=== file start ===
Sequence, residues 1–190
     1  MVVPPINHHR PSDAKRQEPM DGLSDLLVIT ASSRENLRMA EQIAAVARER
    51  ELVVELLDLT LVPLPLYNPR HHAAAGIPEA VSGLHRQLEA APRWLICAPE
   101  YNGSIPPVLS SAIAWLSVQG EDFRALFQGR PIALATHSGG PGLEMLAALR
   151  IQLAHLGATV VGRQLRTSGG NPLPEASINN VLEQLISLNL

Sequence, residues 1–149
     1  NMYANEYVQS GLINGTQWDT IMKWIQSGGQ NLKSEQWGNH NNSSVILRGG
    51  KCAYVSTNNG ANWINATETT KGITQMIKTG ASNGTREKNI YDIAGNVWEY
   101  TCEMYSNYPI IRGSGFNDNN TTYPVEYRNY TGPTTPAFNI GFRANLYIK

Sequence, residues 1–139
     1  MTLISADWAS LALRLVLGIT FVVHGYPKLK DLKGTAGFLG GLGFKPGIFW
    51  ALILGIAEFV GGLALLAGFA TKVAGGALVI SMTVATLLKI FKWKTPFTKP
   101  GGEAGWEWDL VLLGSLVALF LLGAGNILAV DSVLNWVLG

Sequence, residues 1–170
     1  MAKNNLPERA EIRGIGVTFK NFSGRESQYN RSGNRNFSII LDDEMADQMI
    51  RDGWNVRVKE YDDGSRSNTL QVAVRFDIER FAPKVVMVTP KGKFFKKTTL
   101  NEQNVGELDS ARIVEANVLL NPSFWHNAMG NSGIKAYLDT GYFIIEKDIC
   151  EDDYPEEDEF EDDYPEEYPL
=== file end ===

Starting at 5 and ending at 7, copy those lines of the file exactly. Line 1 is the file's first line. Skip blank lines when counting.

   151  IQLAHLGATV VGRQLRTSGG NPLPEASINN VLEQLISLNL

Sequence, residues 1–149
     1  NMYANEYVQS GLINGTQWDT IMKWIQSGGQ NLKSEQWGNH NNSSVILRGG